The world leader among insurance companies and asset managers Allianz has released a new edition of its Global Pensions Report (API), according to which Kazakhstan's pension system has been assigned an API rating of 3.5 points as a result of an analysis of 75 pension systems around the world. Kazakhstan is ahead of its neighbors in the CIS, as well as Spain, Chile, Singapore, the United Arab Emirates and other countries. These results imply that Kazakhstan's pension system is slightly above average in terms of pension sustainability and adequacy compared to other countries analyzed by Allianz.
The report is based on current data as of March 2023. The Allianz Pension Index (API) is designed to comprehensively assess the sustainability and adequacy of pension systems. It consists of three sub-indices and takes into account 40 parameters, evaluated on a scale from 1 to 7, where 1 means the best result.
According to the report, the average score for all pension systems studied was 3.6. This is marginally better than previous years given the limited capacity in most countries following the COVID-19 pandemic, followed by unprecedented global hyperinflation, fueled by the energy crisis and rising food prices due to global political events. Despite the need for pension reforms, few countries have made significant improvements. Denmark, Sweden and the Netherlands are at the top of the index with a total score of up to 3, as their pension systems legally provide for automatic adjustment of the official retirement age based on changes in life expectancy, and have strong professional and private funded pension components.
The country with the best pension system according to Allianz was Denmark with a score of 2.2, followed by the Netherlands and Sweden with 2.6 points each, then New Zealand with 2.8 points, the USA, Taiwan and Israel with 2.9 points each, Belgium and Australia - 3.0 points each. South Korea closes the top ten with a score of 3.1 points. The lowest positions in the ranking are occupied by the pension systems of Morocco, Lebanon and the United Arab Emirates. These countries are characterized by problems of low retirement age, low coverage of the population by the pension system and rapid population aging. One factor contributing to low enrollment is the prevalence of informal employment in many developing countries, highlighting the need for reform of labor markets along with reforms of the pension system.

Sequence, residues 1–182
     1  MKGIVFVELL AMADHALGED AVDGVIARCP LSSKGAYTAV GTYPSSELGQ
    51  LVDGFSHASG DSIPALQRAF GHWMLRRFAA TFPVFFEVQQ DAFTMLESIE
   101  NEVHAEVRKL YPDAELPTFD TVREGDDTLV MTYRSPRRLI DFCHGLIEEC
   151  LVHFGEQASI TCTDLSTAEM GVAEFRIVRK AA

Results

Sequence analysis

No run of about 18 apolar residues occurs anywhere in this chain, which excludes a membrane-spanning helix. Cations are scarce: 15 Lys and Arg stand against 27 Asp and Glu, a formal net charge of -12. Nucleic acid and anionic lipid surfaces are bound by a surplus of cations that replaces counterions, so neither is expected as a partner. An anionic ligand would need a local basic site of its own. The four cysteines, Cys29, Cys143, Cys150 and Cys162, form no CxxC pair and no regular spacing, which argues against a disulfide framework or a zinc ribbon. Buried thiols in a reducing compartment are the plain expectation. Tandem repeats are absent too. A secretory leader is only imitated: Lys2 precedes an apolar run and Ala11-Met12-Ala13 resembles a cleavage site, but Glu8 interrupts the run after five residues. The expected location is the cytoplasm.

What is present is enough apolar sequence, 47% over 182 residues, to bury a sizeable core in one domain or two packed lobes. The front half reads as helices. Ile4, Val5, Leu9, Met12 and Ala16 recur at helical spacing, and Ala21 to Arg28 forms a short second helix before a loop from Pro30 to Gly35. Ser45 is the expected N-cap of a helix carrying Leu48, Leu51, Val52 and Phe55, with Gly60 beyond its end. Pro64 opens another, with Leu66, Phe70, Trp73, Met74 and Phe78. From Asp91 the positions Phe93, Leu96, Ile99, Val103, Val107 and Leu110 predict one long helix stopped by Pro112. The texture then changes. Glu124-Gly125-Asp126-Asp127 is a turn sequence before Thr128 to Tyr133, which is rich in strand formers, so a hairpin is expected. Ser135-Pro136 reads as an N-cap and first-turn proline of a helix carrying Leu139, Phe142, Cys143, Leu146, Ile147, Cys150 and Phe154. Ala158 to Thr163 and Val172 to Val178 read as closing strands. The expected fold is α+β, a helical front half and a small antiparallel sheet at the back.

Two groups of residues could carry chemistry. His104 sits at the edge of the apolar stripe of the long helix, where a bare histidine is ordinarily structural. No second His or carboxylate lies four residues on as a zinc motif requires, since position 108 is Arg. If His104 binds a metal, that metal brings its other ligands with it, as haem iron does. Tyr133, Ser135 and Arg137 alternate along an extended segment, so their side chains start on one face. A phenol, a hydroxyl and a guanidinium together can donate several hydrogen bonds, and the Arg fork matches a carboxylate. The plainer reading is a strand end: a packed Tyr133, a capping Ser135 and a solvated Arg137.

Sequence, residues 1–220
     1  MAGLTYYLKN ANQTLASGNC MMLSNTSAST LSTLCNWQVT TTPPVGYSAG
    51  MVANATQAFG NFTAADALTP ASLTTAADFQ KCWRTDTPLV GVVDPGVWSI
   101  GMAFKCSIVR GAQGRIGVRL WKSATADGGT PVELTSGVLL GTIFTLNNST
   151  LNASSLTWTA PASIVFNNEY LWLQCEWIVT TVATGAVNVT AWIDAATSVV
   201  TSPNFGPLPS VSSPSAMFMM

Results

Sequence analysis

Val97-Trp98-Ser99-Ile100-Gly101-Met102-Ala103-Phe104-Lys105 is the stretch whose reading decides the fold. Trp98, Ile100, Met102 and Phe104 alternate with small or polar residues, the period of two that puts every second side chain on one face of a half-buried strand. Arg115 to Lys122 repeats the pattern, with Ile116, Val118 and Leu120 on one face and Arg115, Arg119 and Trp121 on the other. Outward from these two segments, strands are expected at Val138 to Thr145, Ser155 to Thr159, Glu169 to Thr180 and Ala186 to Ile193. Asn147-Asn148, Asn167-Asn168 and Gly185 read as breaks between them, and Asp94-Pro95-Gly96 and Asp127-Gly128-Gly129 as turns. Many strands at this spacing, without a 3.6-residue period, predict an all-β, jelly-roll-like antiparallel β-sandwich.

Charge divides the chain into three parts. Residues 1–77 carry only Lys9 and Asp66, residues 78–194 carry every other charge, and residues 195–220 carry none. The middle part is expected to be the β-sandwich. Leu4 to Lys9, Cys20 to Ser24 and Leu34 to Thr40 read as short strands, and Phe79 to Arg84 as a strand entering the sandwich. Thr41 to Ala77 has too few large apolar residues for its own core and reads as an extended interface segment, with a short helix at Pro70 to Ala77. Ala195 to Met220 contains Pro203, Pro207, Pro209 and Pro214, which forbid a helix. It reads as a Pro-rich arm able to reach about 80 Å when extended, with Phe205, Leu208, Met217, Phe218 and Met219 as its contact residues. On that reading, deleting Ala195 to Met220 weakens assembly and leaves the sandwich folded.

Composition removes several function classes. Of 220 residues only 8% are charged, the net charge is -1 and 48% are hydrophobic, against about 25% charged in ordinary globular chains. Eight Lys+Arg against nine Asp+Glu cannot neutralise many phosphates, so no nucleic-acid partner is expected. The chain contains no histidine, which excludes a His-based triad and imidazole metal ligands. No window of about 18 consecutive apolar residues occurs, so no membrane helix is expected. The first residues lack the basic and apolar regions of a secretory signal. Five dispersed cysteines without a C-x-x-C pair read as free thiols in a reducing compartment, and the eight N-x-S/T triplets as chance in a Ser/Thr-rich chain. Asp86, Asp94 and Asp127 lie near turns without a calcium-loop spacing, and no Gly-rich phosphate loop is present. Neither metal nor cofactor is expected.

The Allianz report focuses on the issue of population aging, as these demographic processes are one of the main challenges to pension systems in the world. According to forecasts, by 2050, about 1.6 billion people worldwide will reach 65 years of age or more, of which about 1 billion will be in Asia (mostly in India and China). Life expectancy will increase from a global average of 73.4 years in 2023 to 77.2 years by 2050.
Therefore, it is critical to prepare pension systems for demographic change in order to ensure long-term financial sustainability and avoid overburdening future generations. Allianz emphasizes the need to strike a balance between sustainability and adequacy, which may require cuts in government benefits in industrialized countries and additional pension provision (professional and private pension plans) to achieve a decent standard of living for older people.
Over the past year, several countries have taken steps to improve the long-term sustainability and adequacy of their pension systems, including raising the retirement age in some countries (France), introducing compulsory pension contributions for all private sector workers (Cambodia), and introducing incentives for additional private provision funded by capital account (pension savings). However, according to statistics, retirement age in many countries does not reflect changes in life expectancy: only eight out of 75 countries have established by law automatic linkage of retirement age to changes in life expectancy. 33 countries are planning to raise the retirement age by 2050.
As Allianz notes, the adequacy of pension systems is determined not only by financial stability, but also by the level of benefits, as well as the income replacement rate. The replacement rate for pensions of the first pillar of the pension system should be between 40% and 60% of the average wage in accordance with the standards of the International Labor Organization. The latest OECD statistics show that Brazil has one of the most generous pension systems with an 89% replacement rate, while Kenya, Lebanon and South Africa have only 15% replacement rates. In Germany, the US and Japan, pension replacement rates range from 30% to just over 40%. The income replacement rate in Kazakhstan, taking into account the solidarity pension, in 2022 was about 46%.
In their report, Allianz experts note that building a sustainable and adequate pension system is an achievable task if a strong funded component is introduced.
Allianz recommends that reforming the pension system start with a transformation of the labor market: without increasing the share of formal employment in emerging economies and without involving older workers in the labor force in developed countries, even the most well-designed pension reforms will not bring results.